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Does your water heater need a cell phone? Can your thermostat dial out for setting instructions? Perhaps not today, but the day is coming when homeowners and small businesses will have 3G-cellular sensors  attached to their major appliances that wirelessly connect them to a centralized management service provided by Consert.

Consert isn’t your typical technology solution or managed service provider. Based in Raleigh, N.C., this IBM business partner has spent the last several years adapting off-the-shelf IBM technologies into a holistic system that manages power consumptions in individual homes and small businesses, while providing operational intelligence to utilities.

The idea is elegantly simple: By providing consumers with tools to better manage and monitor their power consumption, they can make adjustments in electrical usage to save money. By aggregating that data into actionable intelligence, Consert can help utilities better plan and manage their electricity generation distribution.

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“We’re convinced that consumers can save 10 to 15 percent right off the top with a minimal change in their lifestyle by eliminating ghost consumption,” says Joel Webb, vice president of business development at Consert. Those ghosts are appliances, electronics and other devices that are always sipping electricity even when not in use.

Consert is just one of several initiatives across the country to infuse technology into power generation and management. Microsoft last week unveiled Hohm, an online tool that helps consumers calculate and plan their electricity consumption. Google has its own version called PowerMeter. And Cisco Systems is teaming up with several utilities across the country for its Smart Grid initiative, which aims to put more IP-based power into the intelligence that manages electrical power networks.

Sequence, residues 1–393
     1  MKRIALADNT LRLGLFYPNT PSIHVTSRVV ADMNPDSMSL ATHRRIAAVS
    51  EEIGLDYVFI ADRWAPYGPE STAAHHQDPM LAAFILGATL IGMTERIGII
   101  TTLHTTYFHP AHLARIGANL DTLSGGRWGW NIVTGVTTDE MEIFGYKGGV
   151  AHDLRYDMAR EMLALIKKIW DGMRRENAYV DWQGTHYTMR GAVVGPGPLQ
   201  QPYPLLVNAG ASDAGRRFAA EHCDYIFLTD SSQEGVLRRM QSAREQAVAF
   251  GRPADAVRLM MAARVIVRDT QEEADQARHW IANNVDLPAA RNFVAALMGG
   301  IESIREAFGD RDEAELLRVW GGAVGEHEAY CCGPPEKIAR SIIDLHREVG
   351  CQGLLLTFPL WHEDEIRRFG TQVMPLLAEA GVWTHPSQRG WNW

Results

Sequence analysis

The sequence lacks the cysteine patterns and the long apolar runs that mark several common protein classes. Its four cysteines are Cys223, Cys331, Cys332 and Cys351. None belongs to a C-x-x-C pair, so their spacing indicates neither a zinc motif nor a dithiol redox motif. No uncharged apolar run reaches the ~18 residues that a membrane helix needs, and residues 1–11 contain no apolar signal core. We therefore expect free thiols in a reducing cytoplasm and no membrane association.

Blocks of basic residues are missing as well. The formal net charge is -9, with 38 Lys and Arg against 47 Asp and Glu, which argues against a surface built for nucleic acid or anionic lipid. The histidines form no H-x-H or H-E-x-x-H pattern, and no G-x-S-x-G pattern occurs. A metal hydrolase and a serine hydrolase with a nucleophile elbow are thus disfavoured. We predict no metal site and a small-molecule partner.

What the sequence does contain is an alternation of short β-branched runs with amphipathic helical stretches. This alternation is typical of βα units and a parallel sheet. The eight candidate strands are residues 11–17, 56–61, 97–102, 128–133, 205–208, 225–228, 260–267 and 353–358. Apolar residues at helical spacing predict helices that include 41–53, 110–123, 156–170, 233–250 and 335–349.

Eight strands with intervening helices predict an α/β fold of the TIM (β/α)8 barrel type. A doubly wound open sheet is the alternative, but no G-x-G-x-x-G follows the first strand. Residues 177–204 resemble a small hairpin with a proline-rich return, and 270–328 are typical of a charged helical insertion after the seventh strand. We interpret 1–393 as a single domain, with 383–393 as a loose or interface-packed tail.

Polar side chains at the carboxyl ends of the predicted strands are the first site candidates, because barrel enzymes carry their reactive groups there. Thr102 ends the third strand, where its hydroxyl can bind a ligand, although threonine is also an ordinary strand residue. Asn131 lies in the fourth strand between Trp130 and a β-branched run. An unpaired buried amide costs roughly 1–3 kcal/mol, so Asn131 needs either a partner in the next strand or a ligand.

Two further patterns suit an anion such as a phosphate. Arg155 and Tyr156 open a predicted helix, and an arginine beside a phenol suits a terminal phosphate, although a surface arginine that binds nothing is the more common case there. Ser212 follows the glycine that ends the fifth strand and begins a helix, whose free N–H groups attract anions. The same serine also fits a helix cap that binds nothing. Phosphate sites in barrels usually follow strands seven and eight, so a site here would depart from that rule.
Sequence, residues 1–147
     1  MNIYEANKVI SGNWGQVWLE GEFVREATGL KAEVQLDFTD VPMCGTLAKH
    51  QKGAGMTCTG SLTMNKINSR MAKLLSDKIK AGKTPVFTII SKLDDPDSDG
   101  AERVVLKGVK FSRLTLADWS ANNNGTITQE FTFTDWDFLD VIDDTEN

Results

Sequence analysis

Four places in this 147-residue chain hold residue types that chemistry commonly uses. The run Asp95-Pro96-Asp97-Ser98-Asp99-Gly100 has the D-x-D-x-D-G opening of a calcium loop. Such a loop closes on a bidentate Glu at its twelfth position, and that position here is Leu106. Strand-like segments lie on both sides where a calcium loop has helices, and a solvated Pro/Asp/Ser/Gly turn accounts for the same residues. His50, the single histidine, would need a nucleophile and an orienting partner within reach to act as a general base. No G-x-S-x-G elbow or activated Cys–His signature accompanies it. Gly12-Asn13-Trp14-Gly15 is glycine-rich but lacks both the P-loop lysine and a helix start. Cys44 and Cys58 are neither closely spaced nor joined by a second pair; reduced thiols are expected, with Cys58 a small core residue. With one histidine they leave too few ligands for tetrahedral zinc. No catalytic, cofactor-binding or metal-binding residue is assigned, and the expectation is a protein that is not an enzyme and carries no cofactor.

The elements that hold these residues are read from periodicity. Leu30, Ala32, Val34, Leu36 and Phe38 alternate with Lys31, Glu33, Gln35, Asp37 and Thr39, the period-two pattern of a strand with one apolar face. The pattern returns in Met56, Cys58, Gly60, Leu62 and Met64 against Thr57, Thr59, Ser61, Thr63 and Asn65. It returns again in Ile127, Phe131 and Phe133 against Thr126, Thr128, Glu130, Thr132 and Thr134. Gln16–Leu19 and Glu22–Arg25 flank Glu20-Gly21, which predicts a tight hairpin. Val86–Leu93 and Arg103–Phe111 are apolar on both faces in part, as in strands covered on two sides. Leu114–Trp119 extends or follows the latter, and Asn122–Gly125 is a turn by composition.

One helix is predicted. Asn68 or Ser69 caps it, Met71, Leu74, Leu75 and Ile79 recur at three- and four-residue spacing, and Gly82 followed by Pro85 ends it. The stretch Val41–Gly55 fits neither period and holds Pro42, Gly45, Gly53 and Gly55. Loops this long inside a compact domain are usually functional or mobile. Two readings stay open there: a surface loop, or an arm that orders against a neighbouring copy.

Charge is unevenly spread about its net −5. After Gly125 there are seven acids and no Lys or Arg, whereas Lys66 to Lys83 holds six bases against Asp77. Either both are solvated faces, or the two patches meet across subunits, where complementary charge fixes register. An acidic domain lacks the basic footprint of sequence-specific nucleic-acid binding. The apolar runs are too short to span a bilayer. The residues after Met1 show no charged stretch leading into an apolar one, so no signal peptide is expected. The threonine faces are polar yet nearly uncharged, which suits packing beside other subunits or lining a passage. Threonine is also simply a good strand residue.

Consert is a bit different in that it’s targeting home and small business electrical consumers with a service that’s paid for by their local utility. Its system, which is a combination of a managed service and software-as-a-service offering, is built on IBM Websphere middleware and X series servers, and a spattering of third-party components. The cost of the service to the utility is substantial, about half the cost of a 500-kilowatt gas-fired generation plant. The cost savings is equally substantial—the full cost of building and operating that same plant.

“We’re essentially putting more power back into the system by managing demand,” Webb says.

The need for energy conservation and management systems is substantial. The cost of building new power generation and distribution systems is enormous and riddled with environmental, regulatory and community hurdles. Add to those obstacles the continued problem of oil and gas supply, and the need for doing more with less becomes transparently clear.

“We’re seeing by 2050 that 70 percent of our population will live in cities. Do our cities have the infrastructure to support the population?” asks Joann Duquid, vice president of Economic Stimulus and Industry Marketing at IBM. “We must get smarter. We have the technology. We just have to integrate it and make it work.”